Thinking of investing in France? Here’s a summary of the main points to remember and consider.
The French Property Law is very strict when it comes to property purchase. Only licensed property brokers with a “Carte Professionnelle” and notaries are allowed to buy and sell properties. If you are purchasing a new property , you will be signing a pre-sale agreement called contrat de réservation and in the case of a resale property, you will sign a compromise de vente.
You will have a cooling off period of 7 days after the signature of the contracts which means that the contracts become contractual only after that period over. A deposit of 5 to 10% will be required by the notary to confirm the reservation. If you are applying for a mortgage, you will need to organise your mortgage offer within 45 days (in average). If you can’t obtain your French mortgage, you will be able to cancel the sale and get your deposit back. It usually takes between 2 to 4 months to finalize a sale and sign the deed of sale (acte de vente).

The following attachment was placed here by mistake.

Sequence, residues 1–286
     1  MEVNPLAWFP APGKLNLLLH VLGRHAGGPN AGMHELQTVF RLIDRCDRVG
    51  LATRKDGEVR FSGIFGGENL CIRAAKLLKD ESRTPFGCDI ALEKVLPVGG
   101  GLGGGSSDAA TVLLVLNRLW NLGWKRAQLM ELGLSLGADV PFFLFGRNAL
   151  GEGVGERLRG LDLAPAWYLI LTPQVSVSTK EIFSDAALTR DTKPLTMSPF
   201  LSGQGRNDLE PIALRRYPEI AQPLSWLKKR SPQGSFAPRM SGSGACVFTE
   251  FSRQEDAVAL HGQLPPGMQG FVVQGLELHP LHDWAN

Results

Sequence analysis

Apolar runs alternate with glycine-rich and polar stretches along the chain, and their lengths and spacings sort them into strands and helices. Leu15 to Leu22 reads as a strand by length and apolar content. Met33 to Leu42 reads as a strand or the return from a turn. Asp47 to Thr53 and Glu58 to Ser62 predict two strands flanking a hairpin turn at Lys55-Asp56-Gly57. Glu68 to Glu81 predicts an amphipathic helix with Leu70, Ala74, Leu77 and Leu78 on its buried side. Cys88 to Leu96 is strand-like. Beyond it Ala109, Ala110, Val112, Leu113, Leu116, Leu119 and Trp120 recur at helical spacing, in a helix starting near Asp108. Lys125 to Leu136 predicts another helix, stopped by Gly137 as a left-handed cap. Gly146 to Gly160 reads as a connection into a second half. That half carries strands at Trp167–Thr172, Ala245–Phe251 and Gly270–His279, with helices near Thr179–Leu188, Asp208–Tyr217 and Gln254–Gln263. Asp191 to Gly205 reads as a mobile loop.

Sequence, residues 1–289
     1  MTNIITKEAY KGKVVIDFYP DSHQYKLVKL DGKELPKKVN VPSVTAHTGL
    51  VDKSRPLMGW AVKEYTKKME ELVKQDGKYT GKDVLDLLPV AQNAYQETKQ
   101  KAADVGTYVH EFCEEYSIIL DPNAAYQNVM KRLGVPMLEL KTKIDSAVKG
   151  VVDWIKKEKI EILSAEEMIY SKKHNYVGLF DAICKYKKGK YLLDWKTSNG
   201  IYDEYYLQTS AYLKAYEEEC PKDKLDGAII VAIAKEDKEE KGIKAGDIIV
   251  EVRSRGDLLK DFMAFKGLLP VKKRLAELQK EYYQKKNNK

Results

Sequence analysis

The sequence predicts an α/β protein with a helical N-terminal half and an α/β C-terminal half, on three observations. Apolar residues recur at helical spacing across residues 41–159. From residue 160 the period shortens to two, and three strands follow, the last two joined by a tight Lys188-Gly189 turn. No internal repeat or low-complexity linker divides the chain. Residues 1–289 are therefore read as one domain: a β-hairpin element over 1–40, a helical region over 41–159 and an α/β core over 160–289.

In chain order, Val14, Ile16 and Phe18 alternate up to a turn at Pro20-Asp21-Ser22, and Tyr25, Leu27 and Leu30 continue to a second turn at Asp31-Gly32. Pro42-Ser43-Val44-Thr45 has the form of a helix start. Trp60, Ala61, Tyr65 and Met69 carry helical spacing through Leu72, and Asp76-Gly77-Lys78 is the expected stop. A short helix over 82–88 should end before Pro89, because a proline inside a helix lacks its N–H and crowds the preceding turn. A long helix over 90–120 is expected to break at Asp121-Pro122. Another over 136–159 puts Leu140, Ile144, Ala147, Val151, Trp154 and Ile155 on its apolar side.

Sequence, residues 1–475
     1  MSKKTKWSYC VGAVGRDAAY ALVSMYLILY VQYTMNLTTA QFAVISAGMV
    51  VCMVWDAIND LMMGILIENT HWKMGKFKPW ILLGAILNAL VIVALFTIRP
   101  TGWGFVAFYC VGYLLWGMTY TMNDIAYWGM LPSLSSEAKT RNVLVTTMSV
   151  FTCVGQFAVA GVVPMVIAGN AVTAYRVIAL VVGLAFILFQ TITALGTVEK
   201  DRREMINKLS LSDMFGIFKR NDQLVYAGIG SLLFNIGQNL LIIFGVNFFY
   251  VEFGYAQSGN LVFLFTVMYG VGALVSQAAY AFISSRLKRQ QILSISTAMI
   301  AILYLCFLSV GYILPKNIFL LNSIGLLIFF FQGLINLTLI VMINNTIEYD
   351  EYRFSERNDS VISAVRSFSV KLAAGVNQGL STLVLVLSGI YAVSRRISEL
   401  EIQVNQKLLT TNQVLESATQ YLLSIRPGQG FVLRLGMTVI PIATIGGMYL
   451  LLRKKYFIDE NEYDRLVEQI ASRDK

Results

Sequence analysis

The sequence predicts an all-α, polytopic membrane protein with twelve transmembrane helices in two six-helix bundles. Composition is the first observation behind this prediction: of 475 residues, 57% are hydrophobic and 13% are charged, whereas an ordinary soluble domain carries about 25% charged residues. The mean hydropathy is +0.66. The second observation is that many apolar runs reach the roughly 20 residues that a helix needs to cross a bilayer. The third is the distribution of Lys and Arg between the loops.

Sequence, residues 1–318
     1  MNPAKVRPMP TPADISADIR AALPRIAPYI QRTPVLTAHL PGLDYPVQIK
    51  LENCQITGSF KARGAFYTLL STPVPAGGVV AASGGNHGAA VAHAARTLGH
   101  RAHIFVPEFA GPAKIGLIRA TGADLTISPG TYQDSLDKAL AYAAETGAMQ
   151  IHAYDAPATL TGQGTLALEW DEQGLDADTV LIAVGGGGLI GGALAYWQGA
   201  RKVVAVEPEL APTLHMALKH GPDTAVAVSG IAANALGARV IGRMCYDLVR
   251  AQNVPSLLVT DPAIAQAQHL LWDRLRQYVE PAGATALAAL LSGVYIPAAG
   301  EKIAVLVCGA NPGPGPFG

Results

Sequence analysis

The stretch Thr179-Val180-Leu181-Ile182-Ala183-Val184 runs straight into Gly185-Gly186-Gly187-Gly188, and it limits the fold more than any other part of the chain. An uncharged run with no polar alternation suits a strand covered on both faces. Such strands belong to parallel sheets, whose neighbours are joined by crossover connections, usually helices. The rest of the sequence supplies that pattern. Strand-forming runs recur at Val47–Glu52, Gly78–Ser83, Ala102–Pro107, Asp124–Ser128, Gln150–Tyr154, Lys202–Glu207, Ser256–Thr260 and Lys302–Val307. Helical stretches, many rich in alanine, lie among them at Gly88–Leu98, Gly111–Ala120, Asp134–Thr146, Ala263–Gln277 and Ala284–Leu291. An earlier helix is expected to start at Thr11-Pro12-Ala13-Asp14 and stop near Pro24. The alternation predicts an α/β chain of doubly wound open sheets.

You will be liable to pay for the notary fees which are between 2 to 3% for a new property and around 7% for a resale property.
If you are financing your acquisition with a French Mortgage, you will also have to pay for a mortgage charge (hypothèque) which will be around 1 to 2% of the borrowed amount.
TYPES OF PURCHASE
Classic purchase – you buy a property either off plan, new or resale as a freehold classic purchase . This is the most common type of acquisition in France. It applies to your main home, second home or investment property. You are free to use your property as you wish and you can rent it if necessary.
SCPI & SICAV SIF : used mainly by property investors, it is a way to invest into commercial real estate (offices, retails spaces etc.) while spreading the risks as you are buying in property funds with a guaranteed return. It is a good way to consolidate a property portfolio while generating a regular income. Return are between 5 to 7%. Investment starts as low as 5 000€ for SCPI to 150 000€ for the SICAV SIF.
Leasebacks : see our dedicated section
BareOwnership: see our dedicated section